Discord introduces subscription service for content creators to massively monetise their servers – Screen Shot
Deep Dives Level Up Newsletters Saved Articles Challenges

Discord introduces subscription service for content creators to massively monetise their servers

Ever since it first graced the internet in 2015, Discord has garnered a reputation for being the slightly more chaotic and confusing cousin of Reddit. While it’s championed by many gen Zers for its easy to use voice and text chats, some find the platform to resemble murky waters—if you wade too deep, you might get bitten. Either way, you can’t deny the popularity and community aspect of the site. And it’s only the beginning it seems, as Discord is introducing a brand new subscription feature aiming to put Twitch to shame by offering creators the deal of a lifetime.

According to The Verge, Discord is expanding its server subscription programme, allowing more creators to start charging subscription fees for premium access and perks. Better yet, it is offering a 90/10 revenue split, meaning that those behind popular servers will be able to take home a whopping majority of any money earnt.

In comparison, video streaming service Twitch offers a highly-disputed 50/50 deal—prompting netizens to criticise the platform for moving away from the ‘creator first’ approach it had once been championed for.

In terms of requirements, Discord has laid out a clear path to start raking it in on the platform. According to its recently published guidelines, in order to begin monetisation and enable subscriptions, community servers in the US simply have to meet the minimum criteria: they must be 18 years or older, their account must be in good standing, they must have both their email and phone number verified, and finally, they must have two-factor authentication enabled.

The platform has also launched a brand new ‘Creator Portal’, designed to help new money-seekers navigate subscription policies and also choose which paid subscription tier best suits their server.

Of course, within the subscription policy there are a number of types of content that will be barred from monetisation. Any material which is sexually explicit or alludes to drug use or dangerous weapons will not be eligible—seems fair enough.

Nevertheless, this move marks significant progress for those wanting to make the most out of their online content. We know that there is an extensive range of different content and subcultures floating about on the platform—anyone remember uwu girls?—and so these new features should incentivise users to join in and become a part of an ever-expanding online community.

The UK government joins Discord, is instantly met with trolling and abuse

His Majesty’s (HM) Treasury—aka the government’s economic and finance ministry—recently decided to join the gen Z social app, Discord. Now, you might be thinking to yourself: ‘Who in their right mind would pitch an idea like this in the first place?’. If so, don’t worry, we’re wondering the exact same thing. In what seems to be a desperate last-ditch effort to grow support for the already struggling party, Tories have branched out with a ‘Read-Only’ Discord server. Oh dear…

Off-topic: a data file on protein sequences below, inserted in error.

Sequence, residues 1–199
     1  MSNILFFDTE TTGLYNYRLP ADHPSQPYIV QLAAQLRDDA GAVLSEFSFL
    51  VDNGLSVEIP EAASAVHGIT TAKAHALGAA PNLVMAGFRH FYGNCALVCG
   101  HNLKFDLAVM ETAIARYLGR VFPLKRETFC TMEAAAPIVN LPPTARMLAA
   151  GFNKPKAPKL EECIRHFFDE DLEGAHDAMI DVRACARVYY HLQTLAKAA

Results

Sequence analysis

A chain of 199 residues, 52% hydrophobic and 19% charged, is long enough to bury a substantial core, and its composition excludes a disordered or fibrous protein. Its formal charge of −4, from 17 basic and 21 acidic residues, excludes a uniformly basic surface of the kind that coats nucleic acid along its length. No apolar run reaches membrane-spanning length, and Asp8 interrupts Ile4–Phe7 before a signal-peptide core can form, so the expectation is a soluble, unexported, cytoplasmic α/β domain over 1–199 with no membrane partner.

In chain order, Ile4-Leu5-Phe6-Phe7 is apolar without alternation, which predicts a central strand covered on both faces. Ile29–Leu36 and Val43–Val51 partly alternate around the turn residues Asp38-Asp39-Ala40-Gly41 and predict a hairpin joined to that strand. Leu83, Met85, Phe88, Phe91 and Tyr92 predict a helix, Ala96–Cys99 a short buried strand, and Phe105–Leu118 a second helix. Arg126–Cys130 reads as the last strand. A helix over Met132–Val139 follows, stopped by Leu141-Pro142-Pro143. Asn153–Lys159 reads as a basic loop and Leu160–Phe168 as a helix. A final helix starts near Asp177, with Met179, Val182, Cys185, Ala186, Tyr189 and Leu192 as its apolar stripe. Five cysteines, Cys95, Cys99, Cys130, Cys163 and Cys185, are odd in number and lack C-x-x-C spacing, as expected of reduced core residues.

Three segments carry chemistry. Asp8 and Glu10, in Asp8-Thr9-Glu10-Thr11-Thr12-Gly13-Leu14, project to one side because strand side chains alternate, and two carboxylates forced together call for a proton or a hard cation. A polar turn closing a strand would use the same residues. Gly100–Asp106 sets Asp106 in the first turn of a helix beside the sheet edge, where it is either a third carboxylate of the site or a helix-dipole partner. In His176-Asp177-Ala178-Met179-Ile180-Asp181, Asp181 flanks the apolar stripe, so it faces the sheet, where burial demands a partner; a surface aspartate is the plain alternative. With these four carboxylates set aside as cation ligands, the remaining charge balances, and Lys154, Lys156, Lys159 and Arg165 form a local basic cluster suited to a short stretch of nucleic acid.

Apart from the UK government’s clear lack of self-awareness, The Guardian also highlighted the fact that current fears over Twitter’s stability and future might be to blame for this seemingly random and sudden HM Treasury server, which now sports 29,103 members and counting.

For those of you who don’t know,, Discord is the evolution of the Internet Relay Chat (IRC)—a space for communities and friends to keep up to date with each other, as well as track events, send memes, and voice chat with other users. Once aimed solely at gamers, it now markets itself to a wide range of audiences, from pop culture enthusiasts to university course chats and societies. Recently however, the community-based platform is being chased by the likes of brands and government bodies.

In HM Treasury’s case, users didn’t take kindly to the new government server and have since launched a full-blown counterattack in true Discord fashion. The server being ‘Read-Only’ prompted users to retaliate with explicit and government-damning name changes as well as emoji reactions to channel posts.

One of the most notable things on the server, however, is just how much support there is for trans rights. A lot of the user attacks are hyper-critical of the government and the types of people it tries to protect—*cough* Prince Andrew *cough*—but are also trying to bolster support for LGBTQIA+ rights in a space for a government that isn’t exactly known for its compassion and tolerance.

We can’t quite figure out why they thought this was going to play, but honestly, any opportunity to see our current governing body humiliated is a good one. The screenshots really speak for themselves:

Although the server’s administrators initially removed emoji reactions after the uproar, it seems like they have since reinstated them, notably with the full explicit “c*nt” reaction missing. An error on Discord’s part, they alleged. Riiight.

The UK government joins Discord, is instantly met with trolling and abuse

One could say that freedom of speech—or perhaps freedom of reaction—is important to the great minds behind the Discord server. As explicit names and inflammatory emoji reactions continue to pour in, we like to think of these as symbols of hope as we near the end of the conservative nightmare Brits have been living in for the past three years. A gentle reminder that no government is safe from public criticism—especially a Tory government.